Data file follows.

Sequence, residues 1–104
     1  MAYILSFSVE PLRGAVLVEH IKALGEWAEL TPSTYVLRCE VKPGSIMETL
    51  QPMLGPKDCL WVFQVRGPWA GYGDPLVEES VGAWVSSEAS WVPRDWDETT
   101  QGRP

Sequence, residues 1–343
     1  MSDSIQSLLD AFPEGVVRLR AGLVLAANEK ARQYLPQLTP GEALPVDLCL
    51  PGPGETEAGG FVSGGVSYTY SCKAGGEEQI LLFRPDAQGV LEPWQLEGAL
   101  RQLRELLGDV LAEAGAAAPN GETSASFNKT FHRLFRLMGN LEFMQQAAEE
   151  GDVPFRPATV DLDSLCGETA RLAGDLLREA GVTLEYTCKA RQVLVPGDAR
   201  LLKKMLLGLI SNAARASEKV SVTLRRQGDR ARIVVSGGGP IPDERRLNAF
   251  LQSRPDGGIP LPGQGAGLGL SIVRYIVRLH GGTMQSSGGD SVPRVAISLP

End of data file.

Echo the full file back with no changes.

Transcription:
Sequence, residues 1–104
     1  MAYILSFSVE PLRGAVLVEH IKALGEWAEL TPSTYVLRCE VKPGSIMETL
    51  QPMLGPKDCL WVFQVRGPWA GYGDPLVEES VGAWVSSEAS WVPRDWDETT
   101  QGRP

Sequence, residues 1–343
     1  MSDSIQSLLD AFPEGVVRLR AGLVLAANEK ARQYLPQLTP GEALPVDLCL
    51  PGPGETEAGG FVSGGVSYTY SCKAGGEEQI LLFRPDAQGV LEPWQLEGAL
   101  RQLRELLGDV LAEAGAAAPN GETSASFNKT FHRLFRLMGN LEFMQQAAEE
   151  GDVPFRPATV DLDSLCGETA RLAGDLLREA GVTLEYTCKA RQVLVPGDAR
   201  LLKKMLLGLI SNAARASEKV SVTLRRQGDR ARIVVSGGGP IPDERRLNAF
   251  LQSRPDGGIP LPGQGAGLGL SIVRYIVRLH GGTMQSSGGD SVPRVAISLP